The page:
After the Zelman Survey in December showed that apartment buildings increased occupancy and improved cap rate trends towards 8 %, REIS reported last Friday that the U.S. Office Market has gained office space for the first time since 2007. Office buildings added 2.5 million square feet in the fourth quarter of 2010 in the U.S.
These are national trends and the questions remains, what these trends mean for Florida. Local commercial brokers report similar trends and if you drive along the street and open your eyes you will see popping up new businesses and reoccupied offices. However, rents are down, and only landlords who are savvy enough to follow the trend have a chance to fill up their properties. For a visible recovery in both residential and commercial real estate, we need jobs, jobs, jobs.
In the residential sector the Manatee Association of Realtors reports a decrease in home sales of 4.8% in December 2010 (in comparison to 12/2009) and a decrease in median price from $250,000 in 12/2009 to $239,850 in December 2010. (Compare to $389,900 in June 2006). The inventory remains at an unhealthy high with 3,540 units for sale and 305 units sold in the month of December. If the pace of sales stays at that level and NO NEW properties would be listed, this inventory would need 12 months to be absorbed.
Now, is there light at the end of the tunnel?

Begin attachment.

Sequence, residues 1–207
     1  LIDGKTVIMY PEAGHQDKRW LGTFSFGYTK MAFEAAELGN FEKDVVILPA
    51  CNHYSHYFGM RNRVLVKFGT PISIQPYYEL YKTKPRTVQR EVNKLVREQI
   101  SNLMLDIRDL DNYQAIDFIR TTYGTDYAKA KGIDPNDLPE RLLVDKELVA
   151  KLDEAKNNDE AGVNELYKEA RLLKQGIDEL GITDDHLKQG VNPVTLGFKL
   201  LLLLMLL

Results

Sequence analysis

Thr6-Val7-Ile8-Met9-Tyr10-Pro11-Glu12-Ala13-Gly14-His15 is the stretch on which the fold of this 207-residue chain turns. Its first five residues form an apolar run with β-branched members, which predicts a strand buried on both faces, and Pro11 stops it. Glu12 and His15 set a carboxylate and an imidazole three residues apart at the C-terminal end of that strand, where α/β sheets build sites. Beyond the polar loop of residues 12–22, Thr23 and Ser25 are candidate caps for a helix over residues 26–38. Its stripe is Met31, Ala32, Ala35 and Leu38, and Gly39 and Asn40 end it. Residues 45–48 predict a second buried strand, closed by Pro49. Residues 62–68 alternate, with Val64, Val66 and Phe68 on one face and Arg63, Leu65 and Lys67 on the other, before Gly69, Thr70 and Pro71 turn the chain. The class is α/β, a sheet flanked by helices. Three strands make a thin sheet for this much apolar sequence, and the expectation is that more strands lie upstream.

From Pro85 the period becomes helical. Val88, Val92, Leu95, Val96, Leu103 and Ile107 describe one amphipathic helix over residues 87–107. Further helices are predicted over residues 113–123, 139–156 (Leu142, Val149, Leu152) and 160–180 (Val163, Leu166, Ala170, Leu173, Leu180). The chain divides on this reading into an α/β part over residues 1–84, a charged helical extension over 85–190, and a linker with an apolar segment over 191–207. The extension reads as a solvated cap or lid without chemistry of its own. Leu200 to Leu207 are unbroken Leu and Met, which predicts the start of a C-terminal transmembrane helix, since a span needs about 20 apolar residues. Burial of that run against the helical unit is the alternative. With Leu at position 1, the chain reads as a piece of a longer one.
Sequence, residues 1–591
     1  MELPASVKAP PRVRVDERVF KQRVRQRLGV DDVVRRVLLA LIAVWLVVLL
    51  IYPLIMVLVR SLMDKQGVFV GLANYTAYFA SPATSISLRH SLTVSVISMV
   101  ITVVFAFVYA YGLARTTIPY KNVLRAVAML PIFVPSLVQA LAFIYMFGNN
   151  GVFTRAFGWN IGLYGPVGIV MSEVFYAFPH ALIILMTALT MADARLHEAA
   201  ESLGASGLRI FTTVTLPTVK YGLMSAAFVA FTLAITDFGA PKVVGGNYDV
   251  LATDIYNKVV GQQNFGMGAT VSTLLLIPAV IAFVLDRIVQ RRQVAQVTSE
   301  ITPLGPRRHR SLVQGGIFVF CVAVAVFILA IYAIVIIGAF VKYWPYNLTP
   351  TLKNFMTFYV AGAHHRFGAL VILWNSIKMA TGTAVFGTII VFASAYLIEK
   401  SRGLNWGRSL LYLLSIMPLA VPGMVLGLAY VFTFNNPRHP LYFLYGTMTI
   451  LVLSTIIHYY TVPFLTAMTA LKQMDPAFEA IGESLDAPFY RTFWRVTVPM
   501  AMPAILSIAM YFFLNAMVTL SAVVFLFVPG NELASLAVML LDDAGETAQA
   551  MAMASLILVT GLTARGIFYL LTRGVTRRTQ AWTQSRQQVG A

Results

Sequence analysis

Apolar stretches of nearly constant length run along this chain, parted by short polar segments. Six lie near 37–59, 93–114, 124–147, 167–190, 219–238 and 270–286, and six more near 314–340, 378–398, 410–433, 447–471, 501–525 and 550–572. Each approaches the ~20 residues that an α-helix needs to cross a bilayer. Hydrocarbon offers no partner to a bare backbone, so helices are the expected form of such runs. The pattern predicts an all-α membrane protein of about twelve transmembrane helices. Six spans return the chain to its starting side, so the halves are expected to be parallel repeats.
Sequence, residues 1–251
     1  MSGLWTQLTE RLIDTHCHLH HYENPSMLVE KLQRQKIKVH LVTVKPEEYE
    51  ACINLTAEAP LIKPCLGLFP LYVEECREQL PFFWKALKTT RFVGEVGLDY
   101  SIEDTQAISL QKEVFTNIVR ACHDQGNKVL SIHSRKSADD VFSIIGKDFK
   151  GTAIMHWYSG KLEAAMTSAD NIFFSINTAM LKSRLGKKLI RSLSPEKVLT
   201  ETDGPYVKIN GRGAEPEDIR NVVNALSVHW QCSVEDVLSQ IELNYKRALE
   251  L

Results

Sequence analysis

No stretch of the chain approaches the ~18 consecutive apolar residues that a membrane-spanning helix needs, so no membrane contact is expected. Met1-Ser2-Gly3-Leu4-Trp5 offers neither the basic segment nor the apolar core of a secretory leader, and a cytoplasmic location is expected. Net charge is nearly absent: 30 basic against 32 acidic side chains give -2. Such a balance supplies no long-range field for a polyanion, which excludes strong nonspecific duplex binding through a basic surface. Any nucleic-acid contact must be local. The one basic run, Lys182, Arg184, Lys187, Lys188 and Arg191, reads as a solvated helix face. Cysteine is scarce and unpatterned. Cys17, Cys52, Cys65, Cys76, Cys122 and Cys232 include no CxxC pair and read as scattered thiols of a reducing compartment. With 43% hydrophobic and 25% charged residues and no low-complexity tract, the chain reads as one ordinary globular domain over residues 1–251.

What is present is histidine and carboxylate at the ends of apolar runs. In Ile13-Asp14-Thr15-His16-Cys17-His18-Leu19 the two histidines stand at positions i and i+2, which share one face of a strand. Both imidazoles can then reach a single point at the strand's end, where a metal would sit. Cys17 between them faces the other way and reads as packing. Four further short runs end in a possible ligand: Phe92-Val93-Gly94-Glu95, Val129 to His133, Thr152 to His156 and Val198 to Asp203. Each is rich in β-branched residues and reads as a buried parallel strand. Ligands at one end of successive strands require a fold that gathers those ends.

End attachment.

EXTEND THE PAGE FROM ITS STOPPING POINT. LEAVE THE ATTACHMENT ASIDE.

Not yet is the sad answer, at least not for Florida. Don’t be mislead by real estate agents who are painting a much rosier picture. They need to display a positive attitude to create an environment where sales can take place. And I do not see that as a negative, it is part of the profession of an agent.
Market Analysis Experts like Fishkind & Associates are all predicting a slower growth and thus a slower recovery for Florida with employment rates improving towards 2016. Scary? Absolutely and we can only hope that the new governor will keep his promise to deregulate government and open Florida for business.
Keep an eye on the residential market; when the inventory goes down to about 4-6 months, then we can see light a at the end of the tunnel. The residential market needs to recover first, before the commercial market will follow. And the recovery of the commercial market in turn is needed to create jobs and with that enable people to buy and rent real estate. And although there is slight improvement in the office and apartment market (nationwide), the overall commercial real estate market is in distress with multiple properties sitting in banks waiting to be purchased as short sales or REOs.
As always, please call or email with questions and comments.
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